46. Thierry Rautureau
Chef and owner, Luc and Rover’s
Est.: 1987. Because: The one sure beacon of French fine dining in Seattle has long been Rover’s. But with Luc, the corner bistro, Rautureau (aka “The Chef in the Hat”) proved he can also do easygoing and personable. Happily, the granddaddy is still going strong: Rover’s celebrates its 25th birthday this year; Luc turns 2 next month. New projects: “In the Kitchen With Tom and Thierry,” the Saturday radio show that Tom Douglas and Rautureau hosted for years, was cancelled in 2010. But now it’s back! “Seattle Kitchen” airs on KIRO-FM on Saturday mornings at 8 a.m. and again on Sundays at 10 a.m. Employees: 55.
45. James Miller
Owner and pastry chef, Cafe Besalu
Est.: 2000. Because: Twelve years into the business, Miller’s quality has never waned, and he continues to set the bar for pastry in Seattle; many consider his pastry to be the best in town. Consistency is key. Says Miller, “Our thing has always been to keep it really simple and keep the quality high.” Employees: 10.
44. Jamie Boudreau
Owner and bartender, Canon
Est.: 2011. Because: As the bartender many credit with pushing Seattle onto the craft cocktail forefront, Boudreau finally opened his own cocktail bar last fall. And what a bar it is: Capitol Hill’s Canon feels more like a cocktail museum than some newfangled cocktail hangout. And don’t forget: Murray Stenson tends bar there, too. New projects: A cocktail book is coming! Plus, Canon is adding brunch, and Boudreau will also teach whiskey classes at the bar. Employees: 15. canonseattle.com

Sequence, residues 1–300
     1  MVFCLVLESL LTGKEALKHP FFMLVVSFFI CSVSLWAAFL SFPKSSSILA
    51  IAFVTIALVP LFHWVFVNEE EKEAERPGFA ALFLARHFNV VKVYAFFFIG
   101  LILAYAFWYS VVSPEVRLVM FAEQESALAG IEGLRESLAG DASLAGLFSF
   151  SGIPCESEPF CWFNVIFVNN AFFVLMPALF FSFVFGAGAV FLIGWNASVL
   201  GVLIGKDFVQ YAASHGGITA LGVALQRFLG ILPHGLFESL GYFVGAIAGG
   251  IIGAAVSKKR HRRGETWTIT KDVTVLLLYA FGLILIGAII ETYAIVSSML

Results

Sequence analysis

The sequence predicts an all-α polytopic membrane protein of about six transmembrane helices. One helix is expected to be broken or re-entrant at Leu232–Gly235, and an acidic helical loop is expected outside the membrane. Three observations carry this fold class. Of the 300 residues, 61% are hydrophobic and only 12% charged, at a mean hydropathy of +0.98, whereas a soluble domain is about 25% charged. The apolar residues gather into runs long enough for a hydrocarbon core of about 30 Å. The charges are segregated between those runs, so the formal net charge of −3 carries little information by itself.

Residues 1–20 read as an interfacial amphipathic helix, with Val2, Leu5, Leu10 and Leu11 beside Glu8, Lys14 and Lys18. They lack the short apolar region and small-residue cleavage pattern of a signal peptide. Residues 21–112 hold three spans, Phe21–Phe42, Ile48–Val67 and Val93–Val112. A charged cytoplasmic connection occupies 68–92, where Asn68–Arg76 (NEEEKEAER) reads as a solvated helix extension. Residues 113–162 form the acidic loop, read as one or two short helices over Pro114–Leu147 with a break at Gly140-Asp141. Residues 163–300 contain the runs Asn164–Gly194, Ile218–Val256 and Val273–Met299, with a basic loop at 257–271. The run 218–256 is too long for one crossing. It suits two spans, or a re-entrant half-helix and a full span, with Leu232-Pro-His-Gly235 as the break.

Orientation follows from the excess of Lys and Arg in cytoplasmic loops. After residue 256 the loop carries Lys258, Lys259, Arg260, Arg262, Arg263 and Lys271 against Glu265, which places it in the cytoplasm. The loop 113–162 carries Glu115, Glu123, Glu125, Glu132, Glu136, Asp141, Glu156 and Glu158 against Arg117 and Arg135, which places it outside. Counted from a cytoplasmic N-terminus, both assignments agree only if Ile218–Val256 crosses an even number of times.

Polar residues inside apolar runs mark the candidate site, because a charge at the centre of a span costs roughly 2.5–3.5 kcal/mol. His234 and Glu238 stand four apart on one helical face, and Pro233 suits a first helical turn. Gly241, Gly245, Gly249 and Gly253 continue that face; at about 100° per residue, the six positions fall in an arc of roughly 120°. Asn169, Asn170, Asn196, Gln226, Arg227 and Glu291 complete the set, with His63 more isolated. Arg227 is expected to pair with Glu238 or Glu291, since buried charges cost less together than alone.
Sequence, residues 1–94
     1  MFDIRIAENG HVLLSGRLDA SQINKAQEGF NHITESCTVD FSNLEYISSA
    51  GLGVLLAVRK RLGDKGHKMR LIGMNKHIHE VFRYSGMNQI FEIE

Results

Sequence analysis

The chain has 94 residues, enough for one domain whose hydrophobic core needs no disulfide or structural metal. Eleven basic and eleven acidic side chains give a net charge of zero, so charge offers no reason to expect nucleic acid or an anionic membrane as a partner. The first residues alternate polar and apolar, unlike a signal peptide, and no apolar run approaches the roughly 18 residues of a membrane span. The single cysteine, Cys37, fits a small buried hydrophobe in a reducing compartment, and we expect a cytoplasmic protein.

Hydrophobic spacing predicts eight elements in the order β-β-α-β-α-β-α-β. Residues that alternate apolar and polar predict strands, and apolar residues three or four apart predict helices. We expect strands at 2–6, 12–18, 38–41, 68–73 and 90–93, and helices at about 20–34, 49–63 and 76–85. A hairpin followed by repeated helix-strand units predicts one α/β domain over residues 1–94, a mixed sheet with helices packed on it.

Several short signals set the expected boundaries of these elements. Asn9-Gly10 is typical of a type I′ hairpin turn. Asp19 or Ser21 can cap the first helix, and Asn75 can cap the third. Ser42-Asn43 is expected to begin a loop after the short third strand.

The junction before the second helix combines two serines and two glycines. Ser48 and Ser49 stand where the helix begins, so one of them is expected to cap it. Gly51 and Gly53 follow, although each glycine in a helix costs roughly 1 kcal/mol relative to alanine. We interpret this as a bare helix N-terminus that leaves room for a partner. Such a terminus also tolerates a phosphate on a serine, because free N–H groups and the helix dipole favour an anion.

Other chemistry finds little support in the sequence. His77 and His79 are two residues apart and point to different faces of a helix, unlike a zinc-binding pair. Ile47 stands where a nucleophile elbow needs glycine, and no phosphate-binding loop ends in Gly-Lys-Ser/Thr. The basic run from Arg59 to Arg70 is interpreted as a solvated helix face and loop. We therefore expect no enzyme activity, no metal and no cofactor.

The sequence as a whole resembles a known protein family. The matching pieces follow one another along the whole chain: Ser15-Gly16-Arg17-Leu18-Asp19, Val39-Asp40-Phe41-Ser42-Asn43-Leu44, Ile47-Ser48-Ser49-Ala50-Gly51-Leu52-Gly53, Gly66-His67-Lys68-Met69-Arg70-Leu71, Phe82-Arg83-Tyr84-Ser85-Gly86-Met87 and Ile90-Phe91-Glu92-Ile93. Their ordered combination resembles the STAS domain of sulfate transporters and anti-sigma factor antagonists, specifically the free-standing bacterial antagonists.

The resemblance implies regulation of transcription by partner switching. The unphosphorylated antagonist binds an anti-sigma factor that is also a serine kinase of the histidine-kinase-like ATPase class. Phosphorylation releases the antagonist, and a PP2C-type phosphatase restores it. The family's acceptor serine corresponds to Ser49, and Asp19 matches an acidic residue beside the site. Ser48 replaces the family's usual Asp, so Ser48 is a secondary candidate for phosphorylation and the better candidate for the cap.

43. Ron Cohn
Owner, Consolidated Restaurants
Est.: 1951. Because: The Cohn family (founder David and his son and the current owner, Ron) brought us what many consider to be Seattle’s finest steak and oyster houses, the iconic Metropolitan Grill and Elliott’s. (The restaurant group also owns several Wing Dome and Steamers restaurants.) New projects: A new Wing Dome in West Seattle. The Met now offers Australian Wagyu beef—one of just four restaurants in the U.S. to do so. Employees: 350.
42. Brian McCracken and Dana Tough
Chefs/owners, mccracken tough
Est.: 2008, when they opened Spur Gastropub. Because: In four short years, the chef duo has dabbled in molecular gastronomy (at Spur) and brought Seattle one of its finest speakeasy-inspired craft cocktail bars: Tavern Law. New projects: This year, they took over the corner that housed Restaurant Zoë for 12 years to open The Coterie Room, where gussied-up comfort food and carefully prepared classic cocktails rule. Employees: 72. mccrackentough.com
41. Renee Erickson
Chef/owner of Boat Street Cafe, chef/co-owner, The Walrus and the Carpenter
Est.: 1998, when she opened Boat Street Cafe. Because: She’s wowed us again with The Walrus and the Carpenter. The New York Times featured the white-washed oyster spot on the cover of the travel section last year, and Bon Appétit named The Walrus and the Carpenter one of the top 10 new restaurants in the country. Employees: 50.